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Heterogeneous polymerase fidelity and mismatch repair bias genome variation and composition.

Journal article
Authors Anders R Clausen
Scott A Lujan
Alan B Clark
Heather K MacAlpine
David M MacAlpine
Ewa P Malc
Piotr A Mieczkowski
Adam B Burkholder
David C Fargo
Dmitry A Gordenin
Thomas A Kunkel
Published in Genome research
Volume 24
Issue 11
Pages 1751-64
ISSN 1549-5469
Publication year 2014
Published at
Pages 1751-64
Language en
Keywords Algorithms, DNA Mismatch Repair, DNA Polymerase I, genetics, metabolism, DNA Polymerase II, genetics, metabolism, DNA Polymerase III, genetics, metabolism, DNA Replication, Evolution, Molecular, Genetic Variation, Genome, Fungal, genetics, Models, Genetic, Mutation Rate, Nucleosomes, genetics, metabolism, Saccharomyces cerevisiae, enzymology, genetics, metabolism, Saccharomyces cerevisiae Proteins, genetics, metabolism, Sequence Analysis, DNA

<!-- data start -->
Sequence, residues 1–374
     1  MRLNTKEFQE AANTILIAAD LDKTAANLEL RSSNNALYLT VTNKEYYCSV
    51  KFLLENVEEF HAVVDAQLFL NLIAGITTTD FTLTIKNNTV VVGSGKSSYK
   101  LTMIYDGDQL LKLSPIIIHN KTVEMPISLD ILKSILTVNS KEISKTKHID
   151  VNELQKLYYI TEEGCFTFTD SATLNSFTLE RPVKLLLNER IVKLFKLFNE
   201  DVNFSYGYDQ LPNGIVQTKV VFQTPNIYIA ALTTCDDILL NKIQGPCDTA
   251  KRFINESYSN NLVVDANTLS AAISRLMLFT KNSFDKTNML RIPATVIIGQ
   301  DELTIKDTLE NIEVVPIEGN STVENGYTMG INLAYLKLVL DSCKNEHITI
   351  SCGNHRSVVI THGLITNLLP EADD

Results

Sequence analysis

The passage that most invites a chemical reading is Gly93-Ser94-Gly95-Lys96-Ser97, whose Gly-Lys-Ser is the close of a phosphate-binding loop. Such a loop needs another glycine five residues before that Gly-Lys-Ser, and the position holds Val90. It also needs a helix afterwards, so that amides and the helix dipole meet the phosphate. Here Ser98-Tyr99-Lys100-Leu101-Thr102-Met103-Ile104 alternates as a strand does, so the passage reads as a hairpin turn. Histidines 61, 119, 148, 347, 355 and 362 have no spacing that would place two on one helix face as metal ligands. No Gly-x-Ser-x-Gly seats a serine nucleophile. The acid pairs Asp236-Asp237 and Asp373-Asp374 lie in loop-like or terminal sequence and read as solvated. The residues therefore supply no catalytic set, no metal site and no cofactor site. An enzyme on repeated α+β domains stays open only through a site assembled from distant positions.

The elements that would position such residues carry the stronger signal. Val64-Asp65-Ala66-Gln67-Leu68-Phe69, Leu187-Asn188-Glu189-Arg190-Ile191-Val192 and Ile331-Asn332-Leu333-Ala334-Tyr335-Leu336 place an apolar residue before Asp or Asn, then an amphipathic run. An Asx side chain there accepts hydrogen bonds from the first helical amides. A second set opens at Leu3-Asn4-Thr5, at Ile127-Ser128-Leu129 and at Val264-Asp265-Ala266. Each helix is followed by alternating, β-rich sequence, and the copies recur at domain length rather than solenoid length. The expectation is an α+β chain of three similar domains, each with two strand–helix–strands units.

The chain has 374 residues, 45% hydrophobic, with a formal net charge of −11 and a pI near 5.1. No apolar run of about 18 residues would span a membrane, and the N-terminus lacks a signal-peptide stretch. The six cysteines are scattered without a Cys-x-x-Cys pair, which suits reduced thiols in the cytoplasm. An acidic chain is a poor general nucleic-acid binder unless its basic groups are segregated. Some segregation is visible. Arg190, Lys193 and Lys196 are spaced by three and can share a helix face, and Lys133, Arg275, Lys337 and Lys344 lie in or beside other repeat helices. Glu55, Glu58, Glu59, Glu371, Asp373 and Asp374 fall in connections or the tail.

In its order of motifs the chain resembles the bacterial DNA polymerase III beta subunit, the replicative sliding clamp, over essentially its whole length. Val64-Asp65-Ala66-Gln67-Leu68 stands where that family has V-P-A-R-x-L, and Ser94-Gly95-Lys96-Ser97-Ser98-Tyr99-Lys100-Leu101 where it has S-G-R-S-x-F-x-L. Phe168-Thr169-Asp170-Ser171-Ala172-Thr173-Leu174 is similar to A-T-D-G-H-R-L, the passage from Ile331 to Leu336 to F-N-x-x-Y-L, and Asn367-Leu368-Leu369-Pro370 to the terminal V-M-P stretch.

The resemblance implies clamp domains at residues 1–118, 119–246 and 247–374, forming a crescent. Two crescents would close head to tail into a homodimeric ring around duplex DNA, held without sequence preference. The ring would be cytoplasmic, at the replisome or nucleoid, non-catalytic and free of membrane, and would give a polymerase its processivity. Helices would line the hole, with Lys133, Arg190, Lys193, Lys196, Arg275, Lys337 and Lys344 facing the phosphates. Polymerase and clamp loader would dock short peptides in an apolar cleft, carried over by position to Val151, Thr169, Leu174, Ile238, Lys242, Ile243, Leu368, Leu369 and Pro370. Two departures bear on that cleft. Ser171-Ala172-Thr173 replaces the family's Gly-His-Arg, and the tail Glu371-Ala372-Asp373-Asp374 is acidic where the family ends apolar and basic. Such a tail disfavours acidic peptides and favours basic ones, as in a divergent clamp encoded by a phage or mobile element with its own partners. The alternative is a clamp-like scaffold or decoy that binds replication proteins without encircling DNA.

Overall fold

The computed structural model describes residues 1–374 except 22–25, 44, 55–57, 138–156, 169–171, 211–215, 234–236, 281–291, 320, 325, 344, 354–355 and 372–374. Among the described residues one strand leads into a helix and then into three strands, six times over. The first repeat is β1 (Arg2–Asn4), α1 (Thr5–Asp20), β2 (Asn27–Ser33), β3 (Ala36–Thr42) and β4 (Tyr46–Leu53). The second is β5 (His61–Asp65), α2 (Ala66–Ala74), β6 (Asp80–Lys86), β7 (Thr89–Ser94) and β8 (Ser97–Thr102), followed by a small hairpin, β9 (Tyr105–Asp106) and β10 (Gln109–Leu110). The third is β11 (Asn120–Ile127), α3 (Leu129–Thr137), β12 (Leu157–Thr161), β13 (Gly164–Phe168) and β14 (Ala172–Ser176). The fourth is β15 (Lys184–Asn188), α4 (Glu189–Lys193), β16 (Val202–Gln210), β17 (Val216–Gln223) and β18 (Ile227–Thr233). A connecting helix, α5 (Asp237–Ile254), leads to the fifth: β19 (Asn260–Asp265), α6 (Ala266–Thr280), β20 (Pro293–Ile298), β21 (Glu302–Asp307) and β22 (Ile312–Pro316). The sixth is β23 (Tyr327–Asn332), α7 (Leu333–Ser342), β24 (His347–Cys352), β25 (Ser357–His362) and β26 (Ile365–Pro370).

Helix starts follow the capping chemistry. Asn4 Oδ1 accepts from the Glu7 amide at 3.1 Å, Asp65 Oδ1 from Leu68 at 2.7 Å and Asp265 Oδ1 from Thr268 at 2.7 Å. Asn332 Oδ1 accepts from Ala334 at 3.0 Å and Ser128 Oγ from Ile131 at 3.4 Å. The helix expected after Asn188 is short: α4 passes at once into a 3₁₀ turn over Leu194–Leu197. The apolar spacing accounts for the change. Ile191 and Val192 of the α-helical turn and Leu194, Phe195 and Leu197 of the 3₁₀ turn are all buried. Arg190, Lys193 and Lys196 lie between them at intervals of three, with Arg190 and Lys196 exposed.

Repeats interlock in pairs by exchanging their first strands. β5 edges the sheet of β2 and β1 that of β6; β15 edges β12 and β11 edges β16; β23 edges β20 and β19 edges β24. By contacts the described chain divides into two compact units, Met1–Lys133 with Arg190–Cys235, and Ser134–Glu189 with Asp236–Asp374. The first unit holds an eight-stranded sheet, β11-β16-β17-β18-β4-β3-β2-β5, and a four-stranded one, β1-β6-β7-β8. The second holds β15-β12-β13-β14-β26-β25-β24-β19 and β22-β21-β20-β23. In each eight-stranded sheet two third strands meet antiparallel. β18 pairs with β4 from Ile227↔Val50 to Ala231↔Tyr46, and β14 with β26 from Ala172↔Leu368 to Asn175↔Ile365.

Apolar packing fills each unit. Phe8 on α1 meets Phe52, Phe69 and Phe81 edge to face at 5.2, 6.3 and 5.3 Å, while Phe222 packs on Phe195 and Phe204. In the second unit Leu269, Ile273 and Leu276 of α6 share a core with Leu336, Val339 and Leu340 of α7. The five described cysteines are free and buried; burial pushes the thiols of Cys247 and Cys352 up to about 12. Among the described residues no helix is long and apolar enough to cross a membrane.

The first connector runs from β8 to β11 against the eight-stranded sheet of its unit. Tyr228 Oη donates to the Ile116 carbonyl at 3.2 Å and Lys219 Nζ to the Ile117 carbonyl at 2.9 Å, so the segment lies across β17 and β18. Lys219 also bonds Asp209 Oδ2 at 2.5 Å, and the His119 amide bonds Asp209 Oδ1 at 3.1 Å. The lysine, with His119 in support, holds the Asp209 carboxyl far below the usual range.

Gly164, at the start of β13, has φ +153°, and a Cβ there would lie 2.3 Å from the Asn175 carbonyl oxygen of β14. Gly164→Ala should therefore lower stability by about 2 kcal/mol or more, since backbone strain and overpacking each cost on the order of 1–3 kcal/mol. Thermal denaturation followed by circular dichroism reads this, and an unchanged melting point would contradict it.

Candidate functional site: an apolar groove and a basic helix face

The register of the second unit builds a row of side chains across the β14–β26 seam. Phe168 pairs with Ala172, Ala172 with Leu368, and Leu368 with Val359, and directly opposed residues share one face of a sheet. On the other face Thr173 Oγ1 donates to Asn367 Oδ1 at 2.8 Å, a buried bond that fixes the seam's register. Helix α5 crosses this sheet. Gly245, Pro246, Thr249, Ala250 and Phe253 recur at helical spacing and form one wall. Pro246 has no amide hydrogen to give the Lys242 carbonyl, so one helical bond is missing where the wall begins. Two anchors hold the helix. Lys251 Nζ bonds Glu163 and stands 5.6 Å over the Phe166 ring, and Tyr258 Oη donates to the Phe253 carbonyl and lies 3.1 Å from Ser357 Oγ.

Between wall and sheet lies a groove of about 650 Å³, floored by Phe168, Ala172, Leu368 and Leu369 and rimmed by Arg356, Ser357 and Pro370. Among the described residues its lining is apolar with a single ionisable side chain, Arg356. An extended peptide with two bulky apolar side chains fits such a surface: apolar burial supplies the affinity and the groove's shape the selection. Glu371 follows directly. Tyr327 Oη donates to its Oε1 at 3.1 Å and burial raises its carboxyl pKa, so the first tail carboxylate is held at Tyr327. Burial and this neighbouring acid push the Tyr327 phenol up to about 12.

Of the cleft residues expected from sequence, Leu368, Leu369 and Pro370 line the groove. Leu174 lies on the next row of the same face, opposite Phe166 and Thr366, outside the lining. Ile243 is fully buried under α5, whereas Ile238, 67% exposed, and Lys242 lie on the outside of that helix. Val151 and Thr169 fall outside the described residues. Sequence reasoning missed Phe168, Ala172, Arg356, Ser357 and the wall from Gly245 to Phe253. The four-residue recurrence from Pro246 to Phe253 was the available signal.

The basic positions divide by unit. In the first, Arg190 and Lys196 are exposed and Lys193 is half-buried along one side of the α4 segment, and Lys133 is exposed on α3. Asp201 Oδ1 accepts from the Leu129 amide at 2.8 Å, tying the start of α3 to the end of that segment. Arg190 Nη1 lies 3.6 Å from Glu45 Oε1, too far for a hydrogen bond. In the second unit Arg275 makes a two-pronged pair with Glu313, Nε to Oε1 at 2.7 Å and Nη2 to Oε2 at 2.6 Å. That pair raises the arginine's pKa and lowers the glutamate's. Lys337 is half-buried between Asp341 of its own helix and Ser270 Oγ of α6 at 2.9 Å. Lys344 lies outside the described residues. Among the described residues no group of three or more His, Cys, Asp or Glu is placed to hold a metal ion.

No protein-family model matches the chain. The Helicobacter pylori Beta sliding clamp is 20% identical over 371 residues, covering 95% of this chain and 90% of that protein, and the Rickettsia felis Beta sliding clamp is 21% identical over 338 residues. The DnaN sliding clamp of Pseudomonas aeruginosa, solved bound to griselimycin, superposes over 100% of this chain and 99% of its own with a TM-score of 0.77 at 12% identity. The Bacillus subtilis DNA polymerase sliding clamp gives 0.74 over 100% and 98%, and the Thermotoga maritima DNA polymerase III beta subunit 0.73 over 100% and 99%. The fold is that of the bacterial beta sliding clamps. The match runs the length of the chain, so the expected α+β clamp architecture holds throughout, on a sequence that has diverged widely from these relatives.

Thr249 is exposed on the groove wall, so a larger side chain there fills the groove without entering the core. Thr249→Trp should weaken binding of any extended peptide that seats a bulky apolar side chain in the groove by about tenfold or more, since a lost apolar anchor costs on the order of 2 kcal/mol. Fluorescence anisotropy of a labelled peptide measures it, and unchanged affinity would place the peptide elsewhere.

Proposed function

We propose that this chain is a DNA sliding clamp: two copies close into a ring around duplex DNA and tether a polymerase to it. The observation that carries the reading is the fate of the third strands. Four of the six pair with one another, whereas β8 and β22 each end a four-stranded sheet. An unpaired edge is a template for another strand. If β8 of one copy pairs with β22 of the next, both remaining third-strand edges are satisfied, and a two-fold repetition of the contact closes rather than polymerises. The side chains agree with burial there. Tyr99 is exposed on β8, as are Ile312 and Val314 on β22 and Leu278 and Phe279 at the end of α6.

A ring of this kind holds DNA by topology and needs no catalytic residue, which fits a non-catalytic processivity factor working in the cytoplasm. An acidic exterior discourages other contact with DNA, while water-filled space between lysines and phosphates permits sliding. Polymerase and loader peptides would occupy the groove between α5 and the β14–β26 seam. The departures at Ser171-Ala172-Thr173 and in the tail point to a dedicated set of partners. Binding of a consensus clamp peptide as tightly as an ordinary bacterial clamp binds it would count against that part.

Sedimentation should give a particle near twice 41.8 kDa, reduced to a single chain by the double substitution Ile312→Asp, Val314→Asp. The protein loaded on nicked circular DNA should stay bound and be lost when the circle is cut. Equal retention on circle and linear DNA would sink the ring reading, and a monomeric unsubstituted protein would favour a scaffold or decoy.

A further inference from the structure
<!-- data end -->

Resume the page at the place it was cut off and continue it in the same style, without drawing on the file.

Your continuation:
Subject categories Molecular biology, Genetics


Mutational heterogeneity must be taken into account when reconstructing evolutionary histories, calibrating molecular clocks, and predicting links between genes and disease. Selective pressures and various DNA transactions have been invoked to explain the heterogeneous distribution of genetic variation between species, within populations, and in tissue-specific tumors. To examine relationships between such heterogeneity and variations in leading- and lagging-strand replication fidelity and mismatch repair, we accumulated 40,000 spontaneous mutations in eight diploid yeast strains in the absence of selective pressure. We found that replicase error rates vary by fork direction, coding state, nucleosome proximity, and sequence context. Further, error rates and DNA mismatch repair efficiency both vary by mismatch type, responsible polymerase, replication time, and replication origin proximity. Mutation patterns implicate replication infidelity as one driver of variation in somatic and germline evolution, suggest mechanisms of mutual modulation of genome stability and composition, and predict future observations in specific cancers.

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